Children and Youth Preparedness
Children and Youth Preparedness for disasters and emergencies of all kinds.
Preparing for a disaster as an adult can be overwhelming and taxing, especially if you have children to factor into all of your decisions.
If you plan ahead, you can involve your children in all of the steps that need to be taken. The more prepared your child is, the less anxiety they will feel if an emergency or disaster occurs.
Let's start with the basics
- Teach your child how to dial 911 BEFORE an emergency and show your child the steps for calling 911 on your mobile phone.
- Make sure your child can say his/her first and last name clearly and provide his/her address or location.
- Teach your child to identify a location by buildings, signs or other landmarks. Some 911 centers cannot automatically locate a caller.
- Most of us now have cell phones with us wherever we go, which is great in an emergency situation ,but ,most of us have lock screens on our phones for security, as we should. It's important to teach your children how to unlock your phone in the case of an emergency.
- Go over your mobile phone's keypad several times to help your child become familiar with making a call.
- Have your child practice making a phone call from your mobile phone by calling a family member or friend. Remember not to actually call 911 with your child, unless it's an emergency.
Having people set up as your "emergency contact" is very important. Who’s your emergency contact? Make sure the kids know who it is and how to contact them. Pick the same person for each family member to contact. Pick someone out of town as they may be easier to reach in a disaster.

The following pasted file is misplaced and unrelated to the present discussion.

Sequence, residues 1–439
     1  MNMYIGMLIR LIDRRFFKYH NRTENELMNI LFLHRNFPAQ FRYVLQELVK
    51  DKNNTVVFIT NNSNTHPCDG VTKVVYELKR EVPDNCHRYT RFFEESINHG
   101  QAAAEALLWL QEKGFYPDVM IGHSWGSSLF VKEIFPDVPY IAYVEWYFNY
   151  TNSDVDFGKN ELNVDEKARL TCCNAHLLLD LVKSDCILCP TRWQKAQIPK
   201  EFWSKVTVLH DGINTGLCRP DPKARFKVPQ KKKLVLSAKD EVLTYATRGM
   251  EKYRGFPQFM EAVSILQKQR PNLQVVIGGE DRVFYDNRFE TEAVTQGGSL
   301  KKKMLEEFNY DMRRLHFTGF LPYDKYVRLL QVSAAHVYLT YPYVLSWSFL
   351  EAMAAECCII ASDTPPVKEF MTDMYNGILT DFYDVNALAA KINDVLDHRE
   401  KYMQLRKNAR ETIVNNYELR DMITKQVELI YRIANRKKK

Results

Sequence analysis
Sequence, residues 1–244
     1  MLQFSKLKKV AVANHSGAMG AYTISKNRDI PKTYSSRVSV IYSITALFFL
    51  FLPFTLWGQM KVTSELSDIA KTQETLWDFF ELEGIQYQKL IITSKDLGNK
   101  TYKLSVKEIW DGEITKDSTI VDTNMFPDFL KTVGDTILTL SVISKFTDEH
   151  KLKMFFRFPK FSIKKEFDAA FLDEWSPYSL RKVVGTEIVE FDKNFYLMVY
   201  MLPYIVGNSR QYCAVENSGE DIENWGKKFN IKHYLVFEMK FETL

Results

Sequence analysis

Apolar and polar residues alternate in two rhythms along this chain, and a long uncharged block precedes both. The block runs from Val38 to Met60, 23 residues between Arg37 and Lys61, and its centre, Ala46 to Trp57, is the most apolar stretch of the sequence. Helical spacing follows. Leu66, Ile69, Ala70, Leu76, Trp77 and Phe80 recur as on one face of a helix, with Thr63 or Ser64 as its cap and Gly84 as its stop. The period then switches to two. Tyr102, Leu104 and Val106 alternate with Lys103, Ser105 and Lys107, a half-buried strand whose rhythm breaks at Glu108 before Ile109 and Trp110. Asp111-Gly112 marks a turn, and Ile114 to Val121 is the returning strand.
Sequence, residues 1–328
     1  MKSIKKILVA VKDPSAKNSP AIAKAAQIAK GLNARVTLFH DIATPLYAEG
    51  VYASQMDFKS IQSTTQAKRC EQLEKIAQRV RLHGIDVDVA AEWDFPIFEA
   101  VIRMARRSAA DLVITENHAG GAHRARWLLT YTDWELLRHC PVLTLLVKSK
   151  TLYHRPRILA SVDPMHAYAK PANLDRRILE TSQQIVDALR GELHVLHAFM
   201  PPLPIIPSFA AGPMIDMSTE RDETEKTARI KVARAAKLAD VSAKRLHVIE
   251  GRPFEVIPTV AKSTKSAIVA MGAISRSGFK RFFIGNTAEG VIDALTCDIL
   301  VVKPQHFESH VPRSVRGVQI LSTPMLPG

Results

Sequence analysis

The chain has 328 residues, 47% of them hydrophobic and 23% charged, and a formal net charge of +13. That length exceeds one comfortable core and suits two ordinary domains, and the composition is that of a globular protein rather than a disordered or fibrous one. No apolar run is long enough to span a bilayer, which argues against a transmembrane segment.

Make an emergency plan with your family and make sure that your emergency contact and school know the plan in case your child is in school when a disaster occurs.
Things to consider when making a plan
- Your family may not be together if a disaster strikes, so it is important to know which types of disasters could affect your area.
- Know how you’ll contact one another and reconnect if separated.
- Establish a family meeting place that’s familiar and easy to find.
Practice, practice, practice!
Have an emergency kit ready for your child. Include medications that your child takes as well as some comfort items such as stuffed animals, board games and books.
Get kids involved in building their own emergency kit! Make it a family activity or part of a game and explain how the kit and the items in it will help them.
For a more detailed list of items that should go in your kit, follow this helpful link: Build A Kit
Let's stay prepared!